Helping children find appropriate ways to respond can empower them and help them develop social skills. In Ben's story, instanced above, it was girls who intervened, and the research has shown that boys are more likely to see peer support as a female role. In programmes used in the US, a key focus is on "doing the right thing". Discussion then moves on to what alternatives there are for responding, with safety of both victim and bystander being paramount.
In the UK, some schools have trained children to act as counsellors or mediators, but training children in this way takes skill and dedication on the part of the staff. Not all schools have the time, expertise or willingness to do this. Some schemes that involve formal training and response structures have evolved into more informal and immediate arrangements, such as "buddying". Although this kind of peer support may be effective, it can focus responsibility on a few skilled and trained pupils rather than establishing a wider responsibility.
Other schools have incorporated awareness and bystander training into areas such as creative arts and citizenship programmes. In the US, the Wisconsin Public Television service teamed up with educators, social workers and artists to develop a curriculum that includes video, visual arts and interactive performance to empower young people to stop bullying when they encounter it. The result is Bystanders into Allies (b2a), a three-module programme for middle schools. Part one is for parents, part two for teachers, and part three works directly with the children. This format underlines the need for everyone to be involved.
* Ken Rigby's Stop the Bullying: a handbook for schools is published by ACER Press, Melbourne. There is more about the research into the behaviour of bystanders in Pastoral Care in Education (Blackwell Publishing, 2005).
Information about Bystanders into Allies can be found at www.wpt.orgoutreach
Gill Moore is a lecturer and freelance writer
Ken Rigby and Bruce Johnson suggest the following practical approach for schools:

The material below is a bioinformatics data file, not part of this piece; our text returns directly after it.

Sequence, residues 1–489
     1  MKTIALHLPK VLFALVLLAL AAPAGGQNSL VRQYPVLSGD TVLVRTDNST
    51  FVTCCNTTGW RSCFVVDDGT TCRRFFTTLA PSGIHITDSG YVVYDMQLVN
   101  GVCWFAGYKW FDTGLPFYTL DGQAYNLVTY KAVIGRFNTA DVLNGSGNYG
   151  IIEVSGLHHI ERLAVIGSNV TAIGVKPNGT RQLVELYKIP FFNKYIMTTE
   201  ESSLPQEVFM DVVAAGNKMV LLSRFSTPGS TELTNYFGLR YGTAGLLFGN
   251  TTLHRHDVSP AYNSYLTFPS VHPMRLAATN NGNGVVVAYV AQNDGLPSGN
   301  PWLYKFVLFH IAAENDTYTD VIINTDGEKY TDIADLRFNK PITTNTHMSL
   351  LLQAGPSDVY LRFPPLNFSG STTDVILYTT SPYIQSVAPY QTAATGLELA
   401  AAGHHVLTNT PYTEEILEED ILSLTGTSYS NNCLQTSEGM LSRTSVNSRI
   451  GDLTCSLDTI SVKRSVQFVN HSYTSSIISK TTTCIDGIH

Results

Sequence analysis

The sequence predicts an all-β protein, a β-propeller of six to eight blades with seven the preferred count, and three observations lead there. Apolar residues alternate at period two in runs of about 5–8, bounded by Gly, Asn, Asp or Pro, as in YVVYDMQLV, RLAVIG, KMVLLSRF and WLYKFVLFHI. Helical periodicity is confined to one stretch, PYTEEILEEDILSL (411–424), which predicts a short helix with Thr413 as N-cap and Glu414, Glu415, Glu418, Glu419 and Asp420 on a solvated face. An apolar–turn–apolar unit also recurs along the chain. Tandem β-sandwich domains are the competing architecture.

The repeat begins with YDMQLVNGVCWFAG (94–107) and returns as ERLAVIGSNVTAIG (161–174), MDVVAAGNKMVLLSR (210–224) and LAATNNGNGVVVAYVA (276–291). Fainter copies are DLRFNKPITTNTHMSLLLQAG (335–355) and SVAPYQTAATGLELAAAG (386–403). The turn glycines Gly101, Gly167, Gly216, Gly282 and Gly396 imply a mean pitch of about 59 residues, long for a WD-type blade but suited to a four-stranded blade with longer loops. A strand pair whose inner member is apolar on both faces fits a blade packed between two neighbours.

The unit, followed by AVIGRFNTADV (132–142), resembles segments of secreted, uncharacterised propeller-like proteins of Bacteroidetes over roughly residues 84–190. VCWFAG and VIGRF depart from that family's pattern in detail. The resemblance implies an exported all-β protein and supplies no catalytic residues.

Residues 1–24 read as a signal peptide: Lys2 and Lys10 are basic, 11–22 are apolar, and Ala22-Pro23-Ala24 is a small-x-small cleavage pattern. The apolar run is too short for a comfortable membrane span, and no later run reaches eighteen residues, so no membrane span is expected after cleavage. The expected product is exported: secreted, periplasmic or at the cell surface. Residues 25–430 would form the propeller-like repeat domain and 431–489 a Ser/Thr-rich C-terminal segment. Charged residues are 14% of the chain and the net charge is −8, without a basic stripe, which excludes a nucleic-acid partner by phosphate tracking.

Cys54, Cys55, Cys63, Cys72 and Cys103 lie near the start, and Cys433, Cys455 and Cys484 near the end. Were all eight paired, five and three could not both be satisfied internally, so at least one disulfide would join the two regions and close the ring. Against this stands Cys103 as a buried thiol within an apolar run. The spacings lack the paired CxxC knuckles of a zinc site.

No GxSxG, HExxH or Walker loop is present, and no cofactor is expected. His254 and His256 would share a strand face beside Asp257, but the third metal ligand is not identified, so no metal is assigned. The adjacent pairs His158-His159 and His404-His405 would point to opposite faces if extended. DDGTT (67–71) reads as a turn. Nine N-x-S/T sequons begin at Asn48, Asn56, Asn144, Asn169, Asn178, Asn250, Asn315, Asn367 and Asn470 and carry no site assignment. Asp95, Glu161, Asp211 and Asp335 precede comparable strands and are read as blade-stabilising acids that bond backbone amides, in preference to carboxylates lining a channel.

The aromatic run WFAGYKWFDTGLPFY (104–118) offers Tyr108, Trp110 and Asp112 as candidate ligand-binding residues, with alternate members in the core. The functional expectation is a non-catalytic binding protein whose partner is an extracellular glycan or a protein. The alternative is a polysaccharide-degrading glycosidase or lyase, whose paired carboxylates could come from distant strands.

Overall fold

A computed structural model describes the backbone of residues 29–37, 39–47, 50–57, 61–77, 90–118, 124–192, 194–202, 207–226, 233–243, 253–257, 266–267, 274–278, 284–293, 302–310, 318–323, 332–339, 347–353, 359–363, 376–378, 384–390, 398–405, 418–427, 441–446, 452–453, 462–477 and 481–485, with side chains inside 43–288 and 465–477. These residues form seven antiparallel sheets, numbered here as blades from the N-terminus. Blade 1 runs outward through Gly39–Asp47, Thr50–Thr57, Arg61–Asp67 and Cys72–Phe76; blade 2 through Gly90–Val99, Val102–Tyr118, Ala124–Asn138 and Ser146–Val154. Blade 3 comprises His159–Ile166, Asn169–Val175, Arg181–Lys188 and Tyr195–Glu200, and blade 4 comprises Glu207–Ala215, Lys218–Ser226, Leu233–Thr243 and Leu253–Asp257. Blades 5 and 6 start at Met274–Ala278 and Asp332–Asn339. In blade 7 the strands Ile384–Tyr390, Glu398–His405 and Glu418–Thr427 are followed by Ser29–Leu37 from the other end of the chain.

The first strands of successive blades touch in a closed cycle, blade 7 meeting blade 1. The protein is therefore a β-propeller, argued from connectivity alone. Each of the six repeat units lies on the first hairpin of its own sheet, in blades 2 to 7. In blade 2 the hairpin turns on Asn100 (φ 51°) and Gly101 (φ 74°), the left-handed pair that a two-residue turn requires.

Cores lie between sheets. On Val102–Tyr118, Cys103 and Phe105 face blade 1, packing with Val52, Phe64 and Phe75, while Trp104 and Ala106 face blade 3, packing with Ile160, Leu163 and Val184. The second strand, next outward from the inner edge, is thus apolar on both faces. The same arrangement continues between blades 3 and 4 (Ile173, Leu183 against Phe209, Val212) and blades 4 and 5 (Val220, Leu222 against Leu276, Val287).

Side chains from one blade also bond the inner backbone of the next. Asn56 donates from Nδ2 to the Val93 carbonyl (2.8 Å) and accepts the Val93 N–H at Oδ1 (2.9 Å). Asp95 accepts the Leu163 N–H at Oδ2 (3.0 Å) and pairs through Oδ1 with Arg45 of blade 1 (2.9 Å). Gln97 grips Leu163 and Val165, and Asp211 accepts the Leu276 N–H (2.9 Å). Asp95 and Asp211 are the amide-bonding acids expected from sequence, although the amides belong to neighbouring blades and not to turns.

* Open up the discussion by using pictures or a video clip. Ask if the children have seen similar incidents.
* Ask the children how they would respond. Focus on children who say they would act to discourage the bully.
* Acknowledge children who have fears about responding to bullying.
* Identify the situations that children consider dangerous and explain that it might be better to get outside help or inform a teacher.
* Consider how to minimise the risks of intervention, for example, by stating the child's disapproval, rather than physically intervening.
* Get pupils to rehearse what they might say and, if appropriate, use role play.
* Encourage students to report back when they have intervened, so you can reinforce positive bystander behaviour and build confidence.
* Let parents and all staff know what you are doing.
Rigby and Johnson say: "The key to our method is getting positive statements from peers in the classroom about why they would act positively and help the victim, and making effective use of them. Our research provided a good deal of detail about the strong altruistic motivation of many children, expressed in ways that were moving and indeed likely to influence other students. Eliciting such statements is, I think, the key, then building on them."
(These suggestions have been adapted from Teacher, September 2004, published by the Australian Council for Educational Research)